Copyright vs. EULA

By River Braun, J.D.

Copyright vs. EULA

By River Braun, J.D.

Both end user licensing agreements (EULAs) and copyrights protect software creators, but there are important differences in the protections they convey. Such protections adhere at creation and protect software creators from infringement and piracy. EULAs, on the other hand, are legally-binding contracts between the end use of the software and the software creator. If you do anything in the digital realm, you have no doubt encountered these agreements, which often appear before you download a piece of software or access a website in which you grudgingly skim through and agree to before using the program.

Computer keyboard with a green button labeled "EULA: End-User License Agreement"

EULA Format Basics

Whether you purchase a piece of software digitally or in hard-copy form, you will be presented with an EULA. It may appear as a paper document in sub-10 point font (also known as a “shrink-wrap" license), or as a pop-up that you must agree to by clicking a box. If you do not agree to the terms, you cannot download the software. These types of agreements have also been referred to as “clickwrap" or, in the case of website EULAs, “browswrap," and have been the subject of debate since their inception. Websites include terms of use, terms and conditions, and privacy policies.

Regardless of whether you read every word of these licenses, you are legally obligated to abide by them. It might be time to start reading those contracts to which you're blindly agreeing. If you're the owner of software you want to protect, note the above and have fun, but understand that some clauses may be downright illegal and unenforceable.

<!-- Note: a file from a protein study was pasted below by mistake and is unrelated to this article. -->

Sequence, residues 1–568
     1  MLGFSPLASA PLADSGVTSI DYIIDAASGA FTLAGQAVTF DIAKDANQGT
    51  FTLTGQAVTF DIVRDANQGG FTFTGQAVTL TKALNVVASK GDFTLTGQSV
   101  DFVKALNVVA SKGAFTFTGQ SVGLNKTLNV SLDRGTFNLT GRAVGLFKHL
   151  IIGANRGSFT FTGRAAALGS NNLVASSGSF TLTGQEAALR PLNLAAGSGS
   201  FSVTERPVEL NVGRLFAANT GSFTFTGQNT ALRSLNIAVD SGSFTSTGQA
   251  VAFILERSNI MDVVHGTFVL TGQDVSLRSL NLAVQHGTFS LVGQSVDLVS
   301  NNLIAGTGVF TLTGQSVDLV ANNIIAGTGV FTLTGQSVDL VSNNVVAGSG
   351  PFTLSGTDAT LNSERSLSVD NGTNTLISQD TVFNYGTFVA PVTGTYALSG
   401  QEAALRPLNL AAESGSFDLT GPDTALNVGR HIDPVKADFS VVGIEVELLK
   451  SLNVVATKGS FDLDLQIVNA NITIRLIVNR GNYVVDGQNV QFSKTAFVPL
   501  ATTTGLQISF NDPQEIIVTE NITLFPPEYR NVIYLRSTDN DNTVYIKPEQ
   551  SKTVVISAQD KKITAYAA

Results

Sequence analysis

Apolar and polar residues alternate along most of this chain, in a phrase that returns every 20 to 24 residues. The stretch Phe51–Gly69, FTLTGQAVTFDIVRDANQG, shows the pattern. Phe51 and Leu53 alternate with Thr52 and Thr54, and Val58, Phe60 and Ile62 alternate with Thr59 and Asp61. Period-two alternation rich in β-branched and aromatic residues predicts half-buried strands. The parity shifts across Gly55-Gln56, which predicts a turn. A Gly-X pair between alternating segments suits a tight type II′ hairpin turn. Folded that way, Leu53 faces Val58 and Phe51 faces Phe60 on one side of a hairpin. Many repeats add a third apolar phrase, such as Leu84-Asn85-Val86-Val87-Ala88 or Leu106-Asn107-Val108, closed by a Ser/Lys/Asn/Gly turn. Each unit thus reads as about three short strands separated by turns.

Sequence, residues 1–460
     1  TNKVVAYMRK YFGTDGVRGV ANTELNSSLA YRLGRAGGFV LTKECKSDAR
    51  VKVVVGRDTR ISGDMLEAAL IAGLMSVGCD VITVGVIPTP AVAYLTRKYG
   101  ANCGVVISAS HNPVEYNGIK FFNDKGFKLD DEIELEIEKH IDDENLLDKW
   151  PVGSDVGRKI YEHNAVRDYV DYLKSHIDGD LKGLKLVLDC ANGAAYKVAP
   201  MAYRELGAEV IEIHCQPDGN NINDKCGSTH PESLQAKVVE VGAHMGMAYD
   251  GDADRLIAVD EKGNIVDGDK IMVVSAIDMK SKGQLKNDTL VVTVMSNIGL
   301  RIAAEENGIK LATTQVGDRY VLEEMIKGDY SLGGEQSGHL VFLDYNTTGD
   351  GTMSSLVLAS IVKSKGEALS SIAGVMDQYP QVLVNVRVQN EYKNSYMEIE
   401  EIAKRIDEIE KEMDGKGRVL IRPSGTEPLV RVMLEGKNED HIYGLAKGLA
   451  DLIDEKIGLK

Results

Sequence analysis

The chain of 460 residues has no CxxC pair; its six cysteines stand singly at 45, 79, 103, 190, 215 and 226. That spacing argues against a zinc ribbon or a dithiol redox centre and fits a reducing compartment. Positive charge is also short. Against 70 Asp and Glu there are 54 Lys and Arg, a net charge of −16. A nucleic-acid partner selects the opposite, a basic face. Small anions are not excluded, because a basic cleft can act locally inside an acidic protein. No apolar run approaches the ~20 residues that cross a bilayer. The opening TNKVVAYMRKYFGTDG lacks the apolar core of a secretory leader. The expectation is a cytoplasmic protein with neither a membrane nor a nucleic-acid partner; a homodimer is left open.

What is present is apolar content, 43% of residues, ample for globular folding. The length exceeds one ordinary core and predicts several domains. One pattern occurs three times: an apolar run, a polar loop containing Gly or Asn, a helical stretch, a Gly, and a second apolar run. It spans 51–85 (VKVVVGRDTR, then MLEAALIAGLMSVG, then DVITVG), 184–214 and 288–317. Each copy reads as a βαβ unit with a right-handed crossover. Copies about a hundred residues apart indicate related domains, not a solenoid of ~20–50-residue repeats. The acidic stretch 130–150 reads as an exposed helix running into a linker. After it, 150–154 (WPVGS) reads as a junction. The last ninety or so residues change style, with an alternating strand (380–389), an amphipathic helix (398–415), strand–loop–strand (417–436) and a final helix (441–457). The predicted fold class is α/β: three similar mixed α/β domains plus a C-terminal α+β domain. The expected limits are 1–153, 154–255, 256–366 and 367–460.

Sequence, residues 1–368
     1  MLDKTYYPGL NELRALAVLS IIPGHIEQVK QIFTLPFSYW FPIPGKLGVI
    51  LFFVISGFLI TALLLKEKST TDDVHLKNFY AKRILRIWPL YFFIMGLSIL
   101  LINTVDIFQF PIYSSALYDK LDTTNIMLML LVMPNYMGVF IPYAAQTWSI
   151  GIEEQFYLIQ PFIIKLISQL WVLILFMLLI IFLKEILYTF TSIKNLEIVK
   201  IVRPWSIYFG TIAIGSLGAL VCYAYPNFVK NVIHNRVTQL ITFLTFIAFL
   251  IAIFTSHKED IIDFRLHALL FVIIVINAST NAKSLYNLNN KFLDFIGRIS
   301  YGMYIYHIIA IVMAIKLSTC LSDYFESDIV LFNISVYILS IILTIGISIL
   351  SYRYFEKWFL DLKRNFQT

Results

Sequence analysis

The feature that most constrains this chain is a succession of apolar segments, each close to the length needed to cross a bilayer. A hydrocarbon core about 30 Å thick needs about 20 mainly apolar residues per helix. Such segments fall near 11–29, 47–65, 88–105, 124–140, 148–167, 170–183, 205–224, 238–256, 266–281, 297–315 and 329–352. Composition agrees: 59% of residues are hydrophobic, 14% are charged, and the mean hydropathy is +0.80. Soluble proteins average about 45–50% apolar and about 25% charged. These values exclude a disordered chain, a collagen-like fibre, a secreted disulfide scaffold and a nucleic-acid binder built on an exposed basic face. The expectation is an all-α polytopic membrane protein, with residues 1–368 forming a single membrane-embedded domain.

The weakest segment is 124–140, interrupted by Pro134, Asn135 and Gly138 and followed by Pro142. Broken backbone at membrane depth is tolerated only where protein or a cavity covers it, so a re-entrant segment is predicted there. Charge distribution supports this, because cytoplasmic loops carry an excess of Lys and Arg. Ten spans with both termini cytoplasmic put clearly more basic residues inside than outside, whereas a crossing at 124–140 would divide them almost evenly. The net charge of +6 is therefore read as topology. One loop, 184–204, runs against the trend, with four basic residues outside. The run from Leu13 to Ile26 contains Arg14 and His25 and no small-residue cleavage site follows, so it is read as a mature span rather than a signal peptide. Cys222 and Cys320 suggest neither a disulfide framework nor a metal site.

Copyright Basics

Copyrights protect original works like software code from infringement. This means nobody else can copy it, modify it, or otherwise pass it off as their own. In addition to software creators, such protections can extend to musicians, artists, writers—essentially anyone who has reduced their creativity to a tangible form. Copyright laws are what keep pirates from copying the latest DVDs and selling them out of a backpack at Venice Beach.

EULAs are actually extensions of such protections, granting a single user or enterprise the right to install and use the software. Since these programs are so easy to copy and distribute, software companies must zealously pursue those individuals that violate their rights. Without a EULA in place, it's more difficult to sue violators for damages.

Infringing a EULA

EULAs describe the limitations of use and the responsibilities each party must undertake. For example, it may restrict the download of the software to one device. If a user downloads the software on his own device and then downloads it onto his six best friends' devices, he is in violation. But, what if the user downloads the software and the software somehow causes the device to quit working, or deletes everything on the device? If there is a not a clause limiting the software company's liability for damages, then the end user may be able to sue the company for damages.

In many cases where a company alleges breach, they will also allege copyright infringement. Depending on the circumstance, though, the law may limit a company's ability to sue for infringement if the action is merely a violation of a EULA condition. In 2011, this was made clear in MDY Indus., LLC v. Blizzard Entm't, Inc.

Reselling Software

Federal law has prohibited the resale of software since 1996. This was the year that ProCD v. Zeidenberg was decided. In fact, under ProCD, it is illegal to sell any information obtained from software you purchased. While it was argued that the “First Sale" doctrine, found in copyright law, should apply, the court disagreed, finding that a EULA trumped the law and made the sale of used software illegal. If you've accepted and downloaded the software, it is yours to keep, exclusively or for as long as the terms provide.

If you have created a piece of software, or an entire program, keep this information in mind when determining if you want to register for copyright protection or enter into a EULA. Ensure that you enter into a legally binding contract before allowing anyone else to use your software.

This portion of the site is for informational purposes only. The content is not legal advice. The statements and opinions are the expression of author, not LegalZoom, and have not been evaluated by LegalZoom for accuracy, completeness, or changes in the law.